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Margaret Levi

Sara Miller McCune Director, Center for Advanced Study in the Behavioral Sciences, and Professor of Political Science, Stanford University

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About Margaret

Levi’s current research focuses on the conditions under which people come to believe their governments are legitimate and the consequences of those beliefs for compliance, consent, and the rule of law; and how organizations provoke member willingness to act beyond material interest. She is also working on a range of issues having to do with labor unions and with global justice campaigns. She has been actively engaged with such organizations as the World Justice Project; World Bank; Just Supply Chains network; Jobs with Justice ; and the now-defunct Scholars, Artists, and Writers for Social Justice (SAWSJ).


Can U.S. Unions Learn to Mobilize Workers in New Ways?

  • John S. Ahlquist

In the News

Opinion: "AFL-CIO Takes a Big, but Necessary, Leap of Faith," Margaret Levi (with John S. Ahlquist), Detroit Free Press, September 17, 2013.


"Aligning Rights and Incentives: Why, When, and How to Uphold Labor Standards," (with Christopher Adolph, Daniel Berliner, Aaron Erlich, Anne Greenleaf, and Milli Lake), Background Paper for World Development Report 2013, World Bank, 2012.
Analyzes the costs and benefits of labor protections.
"In the Interest of Others: Leaders, Governance, and Political Activism in Membership Organizations" (with John Stephen Ahlquist) (Princeton University Press, 2013).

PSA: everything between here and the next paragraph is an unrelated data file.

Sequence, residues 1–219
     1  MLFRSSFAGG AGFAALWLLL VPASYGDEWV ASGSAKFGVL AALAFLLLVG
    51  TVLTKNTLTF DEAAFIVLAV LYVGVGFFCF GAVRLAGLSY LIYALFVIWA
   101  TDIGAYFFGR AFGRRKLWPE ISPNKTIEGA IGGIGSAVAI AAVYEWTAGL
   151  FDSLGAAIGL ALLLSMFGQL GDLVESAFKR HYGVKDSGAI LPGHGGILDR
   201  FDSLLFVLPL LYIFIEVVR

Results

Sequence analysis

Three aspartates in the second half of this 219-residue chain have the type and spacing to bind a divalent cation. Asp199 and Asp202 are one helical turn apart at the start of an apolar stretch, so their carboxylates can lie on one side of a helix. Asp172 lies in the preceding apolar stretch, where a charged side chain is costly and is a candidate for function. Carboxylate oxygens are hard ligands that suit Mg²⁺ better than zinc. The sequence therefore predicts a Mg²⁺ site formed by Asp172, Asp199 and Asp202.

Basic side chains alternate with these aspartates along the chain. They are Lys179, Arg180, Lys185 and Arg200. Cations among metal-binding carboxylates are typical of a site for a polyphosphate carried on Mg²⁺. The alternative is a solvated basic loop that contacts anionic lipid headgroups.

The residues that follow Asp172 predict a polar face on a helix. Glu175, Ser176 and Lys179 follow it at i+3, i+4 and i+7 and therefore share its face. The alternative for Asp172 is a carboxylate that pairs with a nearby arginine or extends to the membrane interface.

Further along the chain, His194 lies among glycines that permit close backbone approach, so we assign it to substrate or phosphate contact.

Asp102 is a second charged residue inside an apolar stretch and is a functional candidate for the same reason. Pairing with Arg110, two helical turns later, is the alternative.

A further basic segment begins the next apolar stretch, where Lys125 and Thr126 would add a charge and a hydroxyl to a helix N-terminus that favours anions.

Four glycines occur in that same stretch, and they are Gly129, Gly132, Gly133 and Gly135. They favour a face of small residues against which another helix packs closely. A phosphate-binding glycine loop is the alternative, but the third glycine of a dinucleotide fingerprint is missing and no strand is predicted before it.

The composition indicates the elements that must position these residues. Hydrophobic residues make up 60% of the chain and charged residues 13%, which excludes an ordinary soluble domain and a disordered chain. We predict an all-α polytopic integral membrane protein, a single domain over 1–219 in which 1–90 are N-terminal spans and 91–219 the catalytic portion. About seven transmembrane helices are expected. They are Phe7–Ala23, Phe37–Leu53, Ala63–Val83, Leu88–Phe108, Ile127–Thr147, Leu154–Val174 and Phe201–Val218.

Investigates labor unions in America and Australia to show how activist organizations can profoundly transform the views of members about their political efficacy and the collective actions they are willing to contemplate.
"After Eden: The Transformation of the Landscape of Political Power in the United States" in Anxieties of Democracy, edited by Ira Katznelson and Partha Chatterjee (Oxford University Press, 2012).
Studies the importance of labor unions and other organizations representing collective voice for a functioning democracy.
"Legitimating Beliefs: Concepts and Measurements" (with Audrey Sacks). Regulation and Governance 3 (December 2009): 311-333.
Explains how to create a virtuous circle, in which government demonstrably provides goods and services in developing countries that citizens want, evoking higher compliance from citizens in regards to taxes and laws, thus enabling government to provide more.
"Cooperation without Trust?" (with Karen Cook and Russell Hardin) (Russell Sage Foundation, 2005).
Employs a wide range of examples illustrating how parties use mechanisms other than trust to secure cooperation; Levi’s contributions focus on how to construct relations of trust among citizens and their governors and among workers and their employers.